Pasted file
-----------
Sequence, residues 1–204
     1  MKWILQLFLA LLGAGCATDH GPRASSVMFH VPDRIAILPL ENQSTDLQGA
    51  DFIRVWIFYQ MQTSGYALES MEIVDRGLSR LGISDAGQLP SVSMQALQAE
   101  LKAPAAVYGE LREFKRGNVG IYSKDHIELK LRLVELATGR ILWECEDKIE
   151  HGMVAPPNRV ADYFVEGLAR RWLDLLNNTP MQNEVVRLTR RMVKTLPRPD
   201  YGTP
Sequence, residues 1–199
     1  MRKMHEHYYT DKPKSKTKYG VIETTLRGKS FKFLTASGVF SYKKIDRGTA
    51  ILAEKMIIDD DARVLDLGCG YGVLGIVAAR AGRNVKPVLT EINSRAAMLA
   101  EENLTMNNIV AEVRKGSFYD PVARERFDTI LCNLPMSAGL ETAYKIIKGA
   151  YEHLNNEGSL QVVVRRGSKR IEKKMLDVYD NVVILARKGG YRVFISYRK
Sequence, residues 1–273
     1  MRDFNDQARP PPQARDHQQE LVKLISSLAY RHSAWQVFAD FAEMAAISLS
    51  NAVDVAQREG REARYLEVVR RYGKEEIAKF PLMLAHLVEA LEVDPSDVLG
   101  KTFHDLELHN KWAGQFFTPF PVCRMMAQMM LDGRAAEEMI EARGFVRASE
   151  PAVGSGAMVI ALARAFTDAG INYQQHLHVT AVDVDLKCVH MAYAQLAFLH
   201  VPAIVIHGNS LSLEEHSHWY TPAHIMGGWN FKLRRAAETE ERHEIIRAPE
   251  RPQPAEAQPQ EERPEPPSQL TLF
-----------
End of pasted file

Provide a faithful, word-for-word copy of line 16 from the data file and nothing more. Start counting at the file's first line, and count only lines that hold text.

   151  PAVGSGAMVI ALARAFTDAG INYQQHLHVT AVDVDLKCVH MAYAQLAFLH